• Naish, Darren, and David M. Martill. 2007. Dinosaurs of Great Britain and the role of the Geological Society of London in their discovery: basal Dinosauria and Saurischia. Journal of the Geological Society, London, 164: 493-510. (Bicentennial Review issue.)
  • Taylor, Michael P. and Darren Naish. 2007. An unusual new neosauropod dinosaur from the Lower Cretaceous Hastings Beds Group of East Sussex, England. Palaeontology 50 (6): 1547-1564. doi: 10.1111/j.1475-4983.2007.00728.x
  • Upchurch, Paul. 1995. The evolutionary history of sauropod dinosaurs. Philosophical Transactions of the Royal Society of London Series B, 349: 365-390.
  • Upchurch, Paul. 1998. The phylogenetic relationships of sauropod dinosaurs. Zoological Journal of the Linnean Society 124: 43-103.
  • Upchurch, Paul, Paul M. Barrett and Peter Dodson. 2004. Sauropoda. pp. 259-322 in D. B. Weishampel, P. Dodson and H. Osmólska (eds.), The Dinosauria, 2nd edition. University of California Press, Berkeley and Los Angeles. 861 pp.
  • Wilson, Jeffrey A. 2002. Sauropod dinosaur phylogeny: critique and cladistic analysis. Zoological Journal of the Linnean Society 136: 217-276.
  • Wilson, Jeffrey A. and Paul Upchurch. 2009. Redescription and reassessment of the phylogenetic affinities of Euhelopus zdanskyi (Dinosauria – Sauropoda) from the Early Cretaceous of China. Journal of Systematic Palaeontology 7: 199-239. doi:10.1017/S1477201908002691
  • Young, Chung-Chien, 1954. On a new sauropod from Yiping, Szechuan, China. Acta Palaeontologica Sinica II(4):355-369.
  • Young, Chung-Chien, and X. Zhao. 1972. [Chinese title. Paper is a description of the type material of Mamenchisaurus hochuanensis]. Institute of Vertebrate Paleontology and Paleoanthropology Monograph Series I, 8:1-30. English translation by W. Downs.
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15 Responses to “What’s the deal with your wacky tail-club, Shunosaurus?”

  1. Zach Miller Says:

    I don’t know how convinced I am the tail clubs are genuine. When think of a tail club, I think of ankylosaurs. These clubs look like pathological, ankylosed distal caudals. Maybe they got like that through frequently being accidentally whacked against things, or from often breaking the sound barrier.

    It also doesn’t make a lot of sense that three random sauropods would evolve tiny little clubs on their tails when nobody else did. Don’t know where the spikes came from in illustrations, but it’s worth noting that glyptodont tail clubs aren’t preserved with spikes either, but their presence is inferred thanks to the big pot-marks along the top and sides of the club. Apparently they don’t have bony cores (the spikes) but are entirely keratinous structures…if they exist.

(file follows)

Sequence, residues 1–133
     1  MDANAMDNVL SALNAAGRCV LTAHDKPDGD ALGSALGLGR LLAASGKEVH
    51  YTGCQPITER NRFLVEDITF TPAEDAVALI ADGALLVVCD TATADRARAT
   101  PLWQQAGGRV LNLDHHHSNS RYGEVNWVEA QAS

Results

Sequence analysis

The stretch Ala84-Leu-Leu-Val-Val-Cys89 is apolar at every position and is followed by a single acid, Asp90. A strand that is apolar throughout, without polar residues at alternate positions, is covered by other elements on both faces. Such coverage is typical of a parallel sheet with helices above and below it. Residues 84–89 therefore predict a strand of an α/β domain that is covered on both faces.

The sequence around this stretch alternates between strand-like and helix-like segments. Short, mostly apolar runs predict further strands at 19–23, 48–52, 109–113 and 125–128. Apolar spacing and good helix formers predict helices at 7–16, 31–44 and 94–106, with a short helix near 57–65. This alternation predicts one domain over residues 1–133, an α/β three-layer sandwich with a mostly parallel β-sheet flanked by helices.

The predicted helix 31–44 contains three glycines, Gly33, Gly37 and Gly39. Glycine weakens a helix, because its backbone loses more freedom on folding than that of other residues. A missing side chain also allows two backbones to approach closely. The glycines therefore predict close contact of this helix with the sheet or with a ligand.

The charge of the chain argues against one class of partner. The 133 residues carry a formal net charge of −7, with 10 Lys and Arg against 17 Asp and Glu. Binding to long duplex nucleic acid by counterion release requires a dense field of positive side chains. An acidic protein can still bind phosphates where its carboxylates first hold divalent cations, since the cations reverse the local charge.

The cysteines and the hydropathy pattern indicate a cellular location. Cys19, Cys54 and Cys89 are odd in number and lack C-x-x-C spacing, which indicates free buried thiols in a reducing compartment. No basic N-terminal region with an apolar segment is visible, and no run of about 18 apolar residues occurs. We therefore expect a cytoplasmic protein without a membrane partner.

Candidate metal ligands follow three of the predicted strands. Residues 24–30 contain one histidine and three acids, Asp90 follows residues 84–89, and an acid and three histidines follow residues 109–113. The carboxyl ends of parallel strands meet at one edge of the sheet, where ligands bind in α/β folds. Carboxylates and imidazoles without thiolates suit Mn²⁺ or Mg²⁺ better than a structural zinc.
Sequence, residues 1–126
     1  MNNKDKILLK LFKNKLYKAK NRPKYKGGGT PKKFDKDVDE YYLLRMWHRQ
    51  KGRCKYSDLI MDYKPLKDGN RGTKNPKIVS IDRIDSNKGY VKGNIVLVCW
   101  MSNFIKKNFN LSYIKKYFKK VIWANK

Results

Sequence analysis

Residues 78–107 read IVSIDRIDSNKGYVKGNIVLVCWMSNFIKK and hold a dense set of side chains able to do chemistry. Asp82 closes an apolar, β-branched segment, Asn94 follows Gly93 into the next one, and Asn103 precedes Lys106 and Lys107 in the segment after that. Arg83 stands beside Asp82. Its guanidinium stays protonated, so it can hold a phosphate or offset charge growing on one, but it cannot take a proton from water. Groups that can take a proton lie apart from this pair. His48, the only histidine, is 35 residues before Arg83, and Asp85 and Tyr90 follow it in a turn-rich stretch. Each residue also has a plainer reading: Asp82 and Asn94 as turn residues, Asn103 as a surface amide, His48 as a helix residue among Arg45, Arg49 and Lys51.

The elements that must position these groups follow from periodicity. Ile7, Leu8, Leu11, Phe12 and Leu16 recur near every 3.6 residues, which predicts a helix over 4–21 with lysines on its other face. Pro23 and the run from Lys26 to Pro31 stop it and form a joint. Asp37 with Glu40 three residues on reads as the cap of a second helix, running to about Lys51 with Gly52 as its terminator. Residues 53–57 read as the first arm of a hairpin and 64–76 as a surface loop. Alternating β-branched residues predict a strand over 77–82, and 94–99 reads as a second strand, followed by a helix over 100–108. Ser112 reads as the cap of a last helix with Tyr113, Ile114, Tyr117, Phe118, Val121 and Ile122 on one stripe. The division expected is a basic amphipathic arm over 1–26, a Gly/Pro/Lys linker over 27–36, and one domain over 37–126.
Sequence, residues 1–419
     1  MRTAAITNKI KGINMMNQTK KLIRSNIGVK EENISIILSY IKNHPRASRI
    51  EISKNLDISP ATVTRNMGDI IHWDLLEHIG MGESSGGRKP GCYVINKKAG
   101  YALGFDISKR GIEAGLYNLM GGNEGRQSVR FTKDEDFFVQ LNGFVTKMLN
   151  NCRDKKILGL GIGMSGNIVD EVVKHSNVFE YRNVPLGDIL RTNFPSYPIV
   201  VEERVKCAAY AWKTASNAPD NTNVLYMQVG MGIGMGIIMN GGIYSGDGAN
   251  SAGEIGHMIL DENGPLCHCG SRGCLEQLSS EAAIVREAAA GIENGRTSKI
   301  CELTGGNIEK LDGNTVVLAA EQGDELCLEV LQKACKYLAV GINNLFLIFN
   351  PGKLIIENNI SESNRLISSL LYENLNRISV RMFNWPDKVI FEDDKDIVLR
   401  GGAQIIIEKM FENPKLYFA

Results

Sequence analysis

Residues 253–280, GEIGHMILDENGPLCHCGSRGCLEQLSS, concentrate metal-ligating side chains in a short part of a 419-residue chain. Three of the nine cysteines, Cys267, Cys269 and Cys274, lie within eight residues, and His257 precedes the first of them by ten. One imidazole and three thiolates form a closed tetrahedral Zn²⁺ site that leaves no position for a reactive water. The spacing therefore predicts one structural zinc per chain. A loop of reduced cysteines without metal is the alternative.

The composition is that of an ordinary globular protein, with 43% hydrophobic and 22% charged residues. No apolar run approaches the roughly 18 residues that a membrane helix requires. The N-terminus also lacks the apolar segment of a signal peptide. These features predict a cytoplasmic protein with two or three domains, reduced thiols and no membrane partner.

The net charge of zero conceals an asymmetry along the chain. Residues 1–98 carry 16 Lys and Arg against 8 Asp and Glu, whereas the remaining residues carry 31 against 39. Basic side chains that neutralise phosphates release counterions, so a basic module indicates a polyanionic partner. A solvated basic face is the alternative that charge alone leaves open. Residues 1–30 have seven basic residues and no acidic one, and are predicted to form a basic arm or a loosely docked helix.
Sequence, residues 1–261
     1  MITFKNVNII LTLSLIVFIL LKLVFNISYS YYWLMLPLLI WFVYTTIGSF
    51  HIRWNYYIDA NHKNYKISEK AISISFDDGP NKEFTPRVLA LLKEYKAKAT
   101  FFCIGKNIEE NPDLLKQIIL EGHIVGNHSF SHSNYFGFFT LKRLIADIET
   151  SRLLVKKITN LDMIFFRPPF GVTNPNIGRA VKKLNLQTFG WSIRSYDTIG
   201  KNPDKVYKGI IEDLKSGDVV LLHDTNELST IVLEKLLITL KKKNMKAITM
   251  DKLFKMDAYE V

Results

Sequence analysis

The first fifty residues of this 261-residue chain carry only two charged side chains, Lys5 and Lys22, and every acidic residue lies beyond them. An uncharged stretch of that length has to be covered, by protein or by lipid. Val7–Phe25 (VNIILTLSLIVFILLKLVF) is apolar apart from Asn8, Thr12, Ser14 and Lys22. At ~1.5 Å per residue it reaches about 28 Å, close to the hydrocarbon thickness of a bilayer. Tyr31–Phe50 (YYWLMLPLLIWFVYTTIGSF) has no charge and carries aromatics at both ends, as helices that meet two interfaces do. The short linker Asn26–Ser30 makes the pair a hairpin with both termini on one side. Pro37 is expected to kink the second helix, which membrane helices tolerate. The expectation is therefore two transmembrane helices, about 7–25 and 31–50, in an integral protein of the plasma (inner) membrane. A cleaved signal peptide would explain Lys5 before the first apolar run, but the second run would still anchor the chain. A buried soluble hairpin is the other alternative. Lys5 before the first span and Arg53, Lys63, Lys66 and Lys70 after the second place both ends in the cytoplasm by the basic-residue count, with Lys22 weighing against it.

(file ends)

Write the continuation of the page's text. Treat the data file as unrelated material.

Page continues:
I see no such pot-marks on these sauropod clubs.

  2. Mike Keesey Says:

    Or maybe tail clubs are the ancestral trait for eusauropods, lost in various prominent lineages!

    All right, all right, I was leaving anyway….

  3. Andrea Cau Says:

    The scenario I suggest is similar to Mike Keesey’s one:
    Spinophorosaurus is a sauropod more basal than Shunosaurus and Mamenchisaurids: it shows a tail with distal spikes but lacking a club.
    It is possible that the behaviour “use the tail as a clashing weapon” was ancestral to the eusauropods, and secondarily lost in neosauropods, where the neural arches of the distal half of the tail are strongly reduced. That behaviour forced several lineages among non-neosauropod eusauropods to evolve tail clubs indipendently.


  4. Assuming the clubs of Omeisaurus and Mamenchisaurus are correctly referred, I’d agree with Keesey. After all, just how many non-neosauropod eusauropods do we know LACKED a tail club?


  5. Man, Inca Mummy Girl was a pretty great episode.

    I’m also curious if it would be possible to determine whether or not these things are pathologies…

  6. Mike Taylor Says:

    Yes, I would say based on a sample of one that Inca Mummy Girls are totally pathological.

  7. Mike Keesey Says:

    Huh, I was suggesting that as a joke. But I suppose it does raise the question: How many eusauropod specimens preserve the very end of the caudal series?

  8. qilong Says:

    The tail “clubs” of Omeisaurus tianfuensis and Shunosaurus lii appear to be irregular, reworked bone comprising the last few centra of the caudal series; they appear generally as “inflated” bone.

    In Spinophorosaurus nigeriensis, the vertebrae are otherwise unremarkable, but the spikes argued as “club-like” are separate. For one, they were found near the hips and adjacent to the scapula! They may not belong to the tail, as they were placed on the tail based largely on the skid-like distal caudal arrangement. Quoth Remes et al. (2009):

    “Although these elements were found in the pelvic region under the dislocated scapula, we regard it as most probable that they were placed on the distal tail in the living animal for the following reasons: First, the close association of the contralateral elements indicates they
    were originally placed near the (dorsal) midline of the body. Second, the stiffening of the distal tail by specialized chevrons is also found in other groups of dinosaurs that exhibit tail armor [42,43]. Third, osteoderms of similar shape are known from the closely related basal eusauropod Shunosaurus [26]. In the latter form, these elements cover the middle part of a tail club formed by coalesced distal vertebrae; however, the decreasing size of the distal-most caudal vertebrae of Spinophorosaurus indicate that such a club was not present in this genus.”

    References cited are:
    [26] Zhang Y. 1988. [The Middle Jurassic dinosaur fauna from Dashanpu, Zigong, Sichuan: sauropod dinosaurs. Vol. 1, Shunosaurus]. (Sichuan Publishing House of Science and Technology, Chengdu.)
    [42] Hennig, E. 1924. Kentrurosaurus aethiopicus: Die Stegosaurierfunde vom Tendaguru, Deutsch-Ostafrika [Kentrurosaurus aethiopicus: A stegosaur from Tendaguru, Dutch West Africa.] Palaeontographica Supplement 7:103–254.
    [43] Vickaryous, M. K., Maryańska, T. & Weishampel, D. B. 2004. Ankylosauria. p. 363-392 in Weishampel, Dodson & Osmólska (eds.) The Dinosauria, 2nd edition. (University of California Press, Berkeley.)

    I am unfamiliar with the club, so were separate osteoderms described for Shunosaurus lii not seen in the figures above, or were they associated like with Spinophorosaurus nigeriensis and thus assumed to belong to the club “by default”?